Our enemy is not better-off workers, or middle-class people, even snooty and annoying ones, and the answer is not to cordon off such people into homogeneously posh areas. The enemy is capital.

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Free Education: how will we win?

Author: 

Kelly Rogers

The u-turn on South African tuition fees gives us reason to be in good spirits as the UK student movement mobilises and sets outs its demands for a free, fully-funded, accessible education system.

With the National Campaign Against Fees and Cuts (NCAFC) national demonstration for free education and living grants on 4 November and the NUS-called student walk-out on 17 November, it’s worth asking: how will we win?

With the National Campaign Against Fees and Cuts national demonstration for free education and living grants on 4 November and the NUS-called student walk-out on 17 November, it’s worth asking: how will we win?

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Tories in tangle over tax credits

Author: 

Matthew Thompson

Chancellor George Osborne looks set to go ahead with cuts to tax credits which will see the income of low-paid workers drop by an average of £1,300 next April, despite opposition from Tory backbenchers and voters such as the woman who confronted a Government minister over the issue on BBC TV's Question Time. The changes to tax credits would save around £4.4 billion, or just over a third of the £12 billion the Treasury is seeking to cut from the welfare budget.

Chancellor George Osborne looks set to go ahead with cuts to tax credits which will see the income of low-paid workers drop by an average of £1,300 next April, despite opposition from Tory backbenchers and voters.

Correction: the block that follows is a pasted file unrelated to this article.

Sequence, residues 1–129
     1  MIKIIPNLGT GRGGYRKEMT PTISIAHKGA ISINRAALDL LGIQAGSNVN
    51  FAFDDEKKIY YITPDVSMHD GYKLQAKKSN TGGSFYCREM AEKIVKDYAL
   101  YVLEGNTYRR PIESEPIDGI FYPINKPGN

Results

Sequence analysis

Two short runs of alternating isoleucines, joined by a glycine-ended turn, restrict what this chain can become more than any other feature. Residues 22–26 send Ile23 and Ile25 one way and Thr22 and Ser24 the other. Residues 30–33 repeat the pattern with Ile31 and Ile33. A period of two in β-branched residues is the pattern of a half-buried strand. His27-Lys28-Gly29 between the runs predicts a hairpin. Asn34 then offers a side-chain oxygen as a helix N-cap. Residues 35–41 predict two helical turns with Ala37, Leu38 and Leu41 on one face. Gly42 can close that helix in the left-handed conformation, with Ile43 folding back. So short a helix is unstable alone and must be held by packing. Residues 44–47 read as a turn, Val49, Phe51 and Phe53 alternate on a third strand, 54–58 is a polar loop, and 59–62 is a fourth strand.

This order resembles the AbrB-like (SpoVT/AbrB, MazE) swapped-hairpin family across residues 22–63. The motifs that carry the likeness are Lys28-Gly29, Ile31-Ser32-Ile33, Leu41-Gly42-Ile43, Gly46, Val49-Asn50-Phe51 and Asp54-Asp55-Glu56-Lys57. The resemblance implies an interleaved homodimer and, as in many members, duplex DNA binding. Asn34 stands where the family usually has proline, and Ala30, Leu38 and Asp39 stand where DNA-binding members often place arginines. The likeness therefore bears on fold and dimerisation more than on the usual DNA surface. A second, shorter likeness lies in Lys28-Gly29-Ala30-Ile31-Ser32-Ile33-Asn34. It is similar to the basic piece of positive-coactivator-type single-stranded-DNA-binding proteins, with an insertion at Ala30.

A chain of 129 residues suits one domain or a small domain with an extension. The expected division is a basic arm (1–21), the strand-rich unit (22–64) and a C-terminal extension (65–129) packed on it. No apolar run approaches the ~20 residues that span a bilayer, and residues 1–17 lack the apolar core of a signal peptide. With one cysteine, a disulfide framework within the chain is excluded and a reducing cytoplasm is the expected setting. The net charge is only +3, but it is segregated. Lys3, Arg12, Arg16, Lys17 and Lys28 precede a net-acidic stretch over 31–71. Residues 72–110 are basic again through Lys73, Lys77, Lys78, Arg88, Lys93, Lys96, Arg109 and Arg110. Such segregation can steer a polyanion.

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A new kind of uniformity

Author: 

Bruce Robinson

The attack by Class War on the Cereal Killer shop in Shoreditch has been rightly condemned as self-indulgent, misguided and ineffective in articles by Gemma Short and Martin Thomas in Solidarity.

Martin has gone further by writing — under the heading “The enemy is capital!” — to give a generally favourable view of gentrification in its impact on working-class communities in London. Where it causes their displacement, it can be resisted, he glibly asserts.

Short of a large slump in the property market or radical political intervention, market-led gentrification is difficult to reverse as it is a molecular and self-perpetuating process. It is not possible just to reach the optimum level of upward regeneration and then stop.

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Scottish tenants win rent controls

Author: 

Gordon Maloney

Last month Nicola Sturgeon announced the Scottish Government’s 2015-16 programme of government. In it, on the back of an enormous campaigning and lobbying effort by the Living Rent Campaign, was a commitment to introduce provisions for rent controls.

Further, the First Minister outlined plans to scrap short-assured tenancies and the no-fault grounds for eviction. These laws, introduced by Thatcher in the eighties, meant tenants in Scotland have some of the worst protections from eviction and least secure leases anywhere in Europe.

The Scottish Government’s 2015-16 programme includes, on the back of an enormous campaigning and lobbying effort by the Living Rent Campaign, a commitment to introduce rent controls.